Mirrorless Camera News and Commentary

News and commentary about the mirrorless camera world (latest on top). Click on News/Views in the gray menu bar above to see the full list of recent articles and folders containing older ones.

Fujifilm Adds a Prime

(news & commentary)

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Fujifilm today announced the long-awaited 16mm f/1.4 lens for their XF mount cameras. This gives Fujifilm mirrorless camera users a much needed fast 24mm equivalent prime, and one that’s reasonably compact, at that (hey Nikon, are you paying attention?). Much like their 14mm, this new lens features a pull-to-manual focus ring that reveals a DOF scale. 

The lens is dust and weather resistant, has the usual aperture ring, is Nano coated to reduce reflections, and has a very short 6” (0.15m) minimum focus distance. 

Introduction of the 16mm basically ticks the “fast prime set” check box for the Fujifilm mirrorless system. We now have fast 16mm, 23mm, 35mm, and 56mm primes, which in 35mm equivalent terms is 24mm, 35mm, 53mm, and 85mm. Coupled with the 16-50mm f/2.8 and 50-140mm f/2.8, Fujifilm becomes the second mirrorless camera company to flesh out their lens set to what I would call the basic minimum for serious shooters. The entire lens set now encompasses 19 lenses, with 4 more know to be coming.

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Ordered 7/11/2014, shipped 4/14/2015. 

What product took so long to appear? A US$50 Nikon TR-N100 tripod mount for the 70-300mm CX lens. During that entire time, this part was out of stock at pretty much every US dealer I talked to. 

Nikon has a long history of producing accessories slowly and not keeping them in stock. Makes you wonder why they’re even in that business. If accessories are such a headache to keep stocked correctly, license that stuff out to a third party who knows how to get it right, simple as that.

Moral of the story: order the minute an accessory becomes available if you want it. Don’t dally. 

Nikon Announces J5 Camera

(news & commentary)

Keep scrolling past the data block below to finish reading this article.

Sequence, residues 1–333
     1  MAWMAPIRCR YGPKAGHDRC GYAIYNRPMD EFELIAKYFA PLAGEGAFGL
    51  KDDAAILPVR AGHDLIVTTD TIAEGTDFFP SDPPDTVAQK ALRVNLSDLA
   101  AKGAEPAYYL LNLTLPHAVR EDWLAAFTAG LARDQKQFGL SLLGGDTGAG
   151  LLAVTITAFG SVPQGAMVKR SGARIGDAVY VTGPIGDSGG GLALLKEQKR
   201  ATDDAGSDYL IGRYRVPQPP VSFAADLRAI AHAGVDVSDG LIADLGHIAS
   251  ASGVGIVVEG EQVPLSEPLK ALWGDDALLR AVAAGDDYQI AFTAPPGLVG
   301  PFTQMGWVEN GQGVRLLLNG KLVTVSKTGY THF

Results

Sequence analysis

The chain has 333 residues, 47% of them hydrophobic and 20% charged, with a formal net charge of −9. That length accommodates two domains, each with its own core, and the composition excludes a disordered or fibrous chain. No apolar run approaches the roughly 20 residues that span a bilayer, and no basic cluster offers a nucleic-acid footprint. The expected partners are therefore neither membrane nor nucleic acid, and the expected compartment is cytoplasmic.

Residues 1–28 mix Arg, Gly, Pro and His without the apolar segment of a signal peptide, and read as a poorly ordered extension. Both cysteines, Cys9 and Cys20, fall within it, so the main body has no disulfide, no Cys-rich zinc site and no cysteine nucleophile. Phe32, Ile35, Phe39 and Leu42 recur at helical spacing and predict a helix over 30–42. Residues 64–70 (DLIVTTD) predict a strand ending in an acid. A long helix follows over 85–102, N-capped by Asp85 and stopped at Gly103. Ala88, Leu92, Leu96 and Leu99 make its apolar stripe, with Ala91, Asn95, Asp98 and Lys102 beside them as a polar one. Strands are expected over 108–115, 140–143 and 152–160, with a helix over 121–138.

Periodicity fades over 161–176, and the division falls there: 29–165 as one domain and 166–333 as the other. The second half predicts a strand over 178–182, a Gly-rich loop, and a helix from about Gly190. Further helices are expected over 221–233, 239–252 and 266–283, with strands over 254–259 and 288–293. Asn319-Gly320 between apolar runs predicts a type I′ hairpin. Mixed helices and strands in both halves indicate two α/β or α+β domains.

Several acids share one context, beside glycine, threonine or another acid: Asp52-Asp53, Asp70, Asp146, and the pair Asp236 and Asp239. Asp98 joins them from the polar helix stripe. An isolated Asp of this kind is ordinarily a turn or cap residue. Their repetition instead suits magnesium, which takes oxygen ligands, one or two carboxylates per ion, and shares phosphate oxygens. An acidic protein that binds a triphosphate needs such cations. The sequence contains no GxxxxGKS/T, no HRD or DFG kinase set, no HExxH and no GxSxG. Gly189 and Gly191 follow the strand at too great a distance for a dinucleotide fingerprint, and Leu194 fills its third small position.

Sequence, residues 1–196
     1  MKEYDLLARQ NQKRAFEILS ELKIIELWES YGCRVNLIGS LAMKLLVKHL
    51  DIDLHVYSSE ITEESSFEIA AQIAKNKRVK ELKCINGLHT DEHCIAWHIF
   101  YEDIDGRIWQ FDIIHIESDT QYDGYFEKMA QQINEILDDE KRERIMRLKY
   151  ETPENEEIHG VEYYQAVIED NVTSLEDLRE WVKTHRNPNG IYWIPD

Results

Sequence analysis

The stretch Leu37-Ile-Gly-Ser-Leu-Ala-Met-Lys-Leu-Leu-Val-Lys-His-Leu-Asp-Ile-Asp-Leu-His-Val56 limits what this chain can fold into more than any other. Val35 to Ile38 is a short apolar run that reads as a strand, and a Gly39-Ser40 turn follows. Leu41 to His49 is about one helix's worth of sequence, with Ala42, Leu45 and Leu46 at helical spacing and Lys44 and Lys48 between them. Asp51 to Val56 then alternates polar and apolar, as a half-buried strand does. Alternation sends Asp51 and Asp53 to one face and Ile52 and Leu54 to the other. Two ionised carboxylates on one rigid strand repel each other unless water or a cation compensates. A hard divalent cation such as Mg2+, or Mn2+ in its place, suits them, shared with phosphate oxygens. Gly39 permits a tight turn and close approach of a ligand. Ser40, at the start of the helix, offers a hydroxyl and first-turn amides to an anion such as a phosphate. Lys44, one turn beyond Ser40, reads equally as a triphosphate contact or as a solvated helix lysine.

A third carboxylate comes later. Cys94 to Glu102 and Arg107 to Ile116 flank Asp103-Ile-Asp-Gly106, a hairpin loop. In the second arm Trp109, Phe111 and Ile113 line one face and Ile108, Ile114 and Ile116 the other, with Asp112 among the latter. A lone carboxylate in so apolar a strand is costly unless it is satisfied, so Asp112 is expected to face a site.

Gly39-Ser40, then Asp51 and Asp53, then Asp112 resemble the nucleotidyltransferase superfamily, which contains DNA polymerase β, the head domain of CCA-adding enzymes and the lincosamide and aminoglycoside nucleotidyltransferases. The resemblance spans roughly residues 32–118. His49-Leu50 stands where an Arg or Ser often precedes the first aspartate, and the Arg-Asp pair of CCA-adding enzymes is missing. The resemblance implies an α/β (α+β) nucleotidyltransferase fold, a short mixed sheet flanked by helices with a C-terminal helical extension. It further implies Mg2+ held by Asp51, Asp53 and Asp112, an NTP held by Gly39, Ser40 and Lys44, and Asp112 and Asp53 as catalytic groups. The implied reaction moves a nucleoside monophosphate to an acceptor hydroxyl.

bythom nikonj5

“I am the beauty of speed” has been updated to “I am commanding speed.” Gotta love those marketing departments.

The new Nikon 1 J5 camera is yet another update of Nikon’s midrange mirrorless camera. This time around we get the following changes:

  • 20.8mp BSI sensor instead of 18.4mp; no AA filter on the J5
  • EXPEED5A instead of EXPEED4A
  • WiFi with NFC instead of plain WiFi (Android use only)
  • Tilting touch LCD instead of fixed touch LCD
  • EN-EL24 instead of EN-EL22 (and a drop from 300 shots CIPA to 250)
  • A control dial has been added around the Record video button
  • A slight hand grip has been added
  • Interval Timer has been added
  • 15 fps 4K “video” has been added
  • A programmable function button has been added to the front of the camera

Overall, the camera is pretty much the same size, though it has grown in depth to accommodate the slight hand grip and tilting LCD. Gone are the garish color options, with only white, silver, and black now available. 

One unanswered question concerns the sensor. The specs on the sensor match Sony’s 1” sensor, not Aptina’s. Aptina sold last year to a company that isn’t really interested in camera sensors (they are interested in automotive use of imaging sensors), so I doubt that this is an update to an Aptina-produced sensor, but rather a switch to Sony's. If so, that implies about a third of a stop change in ISO response and a clear improvement in dynamic range at base ISO, which will help with shadow noise. That said, those expecting a large change because of the BSI (back side illumination) aspect of the sensor are probably going to be disappointed. If this is the Sony sensor in the J5, then it’s a clear step forward in image quality, but a modest step. 

Things that serious photographers might find still missing are no hot shoe, no EVF option, no bracketing, no CLS flash control, a not-very-usable 4K video mode, plus the continued use of the microSD slot. The change in batteries has to bother some loyal Nikon 1 users, too. Still, overall one can’t ignore the fact that the J1 to J5 progression has slowly rid and hidden the camera of low-end, totally automatic features and pulled more and more serious shooter features to the front and center. The J5 is much more like the camera the J1 should have been in the first place. Interestingly, so is the price: US$500 with kit lens seems much more like the right starting price for a competent, small mirrorless camera.

But we still really don’t have a full set of lenses for the Nikon 1. No new lenses were announced, nor was a road map announced by Nikon. I do note that many of Nikon’s sample photos were taken with the 18mm and 32mm primes. Maybe they have finally figured out that there’s an advantage to putting a really good lens on the front of these Nikon 1 cameras. We still need a couple of better fast wide angle primes, and even something like a fixed f/3.5 or f/4 zoom or two would help (though most would want an f/2.8 zoom).

So here we are four years and eleven cameras into the Nikon 1 experiment, and things are finally starting to make a bit of sense. The price/performance/features matrix actually looks reasonable for a change. Could it be? Could making a decent, straight-forward camera with decent performance at the right price really be a better option than gimmicks? Nah. That can’t be right.

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Fujifilm Updates XT-1 Firmware